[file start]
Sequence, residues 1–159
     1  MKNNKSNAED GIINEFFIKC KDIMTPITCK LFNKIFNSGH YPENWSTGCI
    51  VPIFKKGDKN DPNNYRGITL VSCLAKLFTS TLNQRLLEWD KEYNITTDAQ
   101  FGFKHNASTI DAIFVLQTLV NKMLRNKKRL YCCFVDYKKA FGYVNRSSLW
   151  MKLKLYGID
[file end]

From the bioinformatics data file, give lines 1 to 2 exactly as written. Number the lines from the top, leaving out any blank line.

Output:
Sequence, residues 1–159
     1  MKNNKSNAED GIINEFFIKC KDIMTPITCK LFNKIFNSGH YPENWSTGCI